Cyber Attacks: Not Just for Facebook

We’ve all seen the headlines of large companies like Facebook, LinkedIn, and Equifax falling victim to a data breach. However, it’s small organizations that are really in danger when it comes to being targeted for cyber-attacks. Hackers like to target small organizations because they often don’t have the infrastructure, or employees don’t have the knowledge necessary to prevent attacks. In 2018, small businesses accounted for 58% of data breaches and 67% of cyber-attacks.

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We’ve also seen the price tags that come along with those large data breaches. After last year’s Facebook breach of 50 million accounts, the company was looking at owing over $1 billion just in fines. When you consider the cost of damage or theft of IT assets and company data, and the cost of disrupted operations, cyber-attacks can be financially devastating. In 2018, it cost small businesses an average of $3 million to recover from an incident.

So, what can you do to prevent a cyber-attack? I could write a series of books and still not fully answer that question, but the best advice I can give is to prioritize a budget for your organization’s cybersecurity. Unfortunately, even if you’re currently compliant with security standards, you’re already falling behind. It’s no longer enough to have an updated operating system and an antivirus on every computer. While those are still important, there are just too many ways for hackers to get into a network.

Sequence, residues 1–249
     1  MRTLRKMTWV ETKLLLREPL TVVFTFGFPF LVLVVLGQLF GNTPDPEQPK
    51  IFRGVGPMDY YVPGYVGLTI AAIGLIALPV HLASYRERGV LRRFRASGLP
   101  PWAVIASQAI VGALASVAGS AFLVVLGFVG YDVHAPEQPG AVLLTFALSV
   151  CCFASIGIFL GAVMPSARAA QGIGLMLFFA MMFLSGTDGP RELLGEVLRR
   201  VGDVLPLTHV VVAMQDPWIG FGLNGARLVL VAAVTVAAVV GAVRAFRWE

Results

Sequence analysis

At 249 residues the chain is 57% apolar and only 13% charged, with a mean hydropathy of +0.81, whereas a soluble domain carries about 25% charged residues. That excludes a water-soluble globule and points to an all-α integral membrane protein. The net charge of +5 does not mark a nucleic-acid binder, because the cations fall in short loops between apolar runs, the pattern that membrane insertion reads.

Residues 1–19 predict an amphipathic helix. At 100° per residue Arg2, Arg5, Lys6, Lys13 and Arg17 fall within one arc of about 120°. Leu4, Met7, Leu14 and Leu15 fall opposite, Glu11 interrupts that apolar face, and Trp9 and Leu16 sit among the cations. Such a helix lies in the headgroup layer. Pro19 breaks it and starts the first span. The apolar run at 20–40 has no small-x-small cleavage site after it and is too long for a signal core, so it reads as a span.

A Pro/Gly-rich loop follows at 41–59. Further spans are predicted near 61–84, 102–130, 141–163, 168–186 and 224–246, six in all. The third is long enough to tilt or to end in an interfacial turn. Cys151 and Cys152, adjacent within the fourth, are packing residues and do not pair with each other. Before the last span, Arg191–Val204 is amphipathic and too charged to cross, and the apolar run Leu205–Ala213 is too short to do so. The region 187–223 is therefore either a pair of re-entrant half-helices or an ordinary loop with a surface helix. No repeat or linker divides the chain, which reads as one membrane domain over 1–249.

On average, it takes 196 days just to identify a data breach. It’s cheaper to invest in your company’s cybersecurity now before you have an incident, rather than finding someone to come to the rescue after a breach has been discovered. With the constant evolution of cyber-attacks, having a security officer on staff with the proper skill sets and resources to continue keeping your company one step ahead is essential. 

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It’s also worth investing in companywide cybersecurity training. Your biggest security threat isn’t an evil hacker, it’s your employees. 92.4% of malware is delivered by email, which leads to negligent employees and contractors being the number one cause of data breaches. (YIKES!) By educating employees on cybersecurity best practices, you will help them make smarter choices both on their personal accounts and their business accounts, which will reduce your risk of attack drastically.

Here at Foundant, everyone receives a fun security video on a different topic each month. It only takes a few minutes to watch, it’s entertaining, and then we answer a question at the end to be sure we understand what to do in case of an issue. Our IT department leads the charge on this, but every employee is responsible for consuming the content and educating themselves in order to ensure the safety of our company.

Now that you have your security officer, and your employees are learning about cybersecurity, it’s time to come up with security policies and procedures. Outline the do’s and don’ts specific to your company so that everyone can be on the same page. Having strict guidelines eliminates any grey areas and reduces your risk of an attack.

Cyber threats aren’t slowing down. The global cost of cybercrime is expected to reach $6 trillion annually by 2021. It’s time to start acting proactively instead of reactively when it comes to these risks.

About the Author

Ally Green

Ally Green came to Bozeman from Rapid City, SD to pursue a Business Management Degree at Montana State University. Ally started at Foundant as a Customer Support Agent but decided to move to the Information Systems Department because of her interest in technology and cyber security. When not at work, Ally can be found playing video games or exploring the mountains around Bozeman with her boyfriend and pup.

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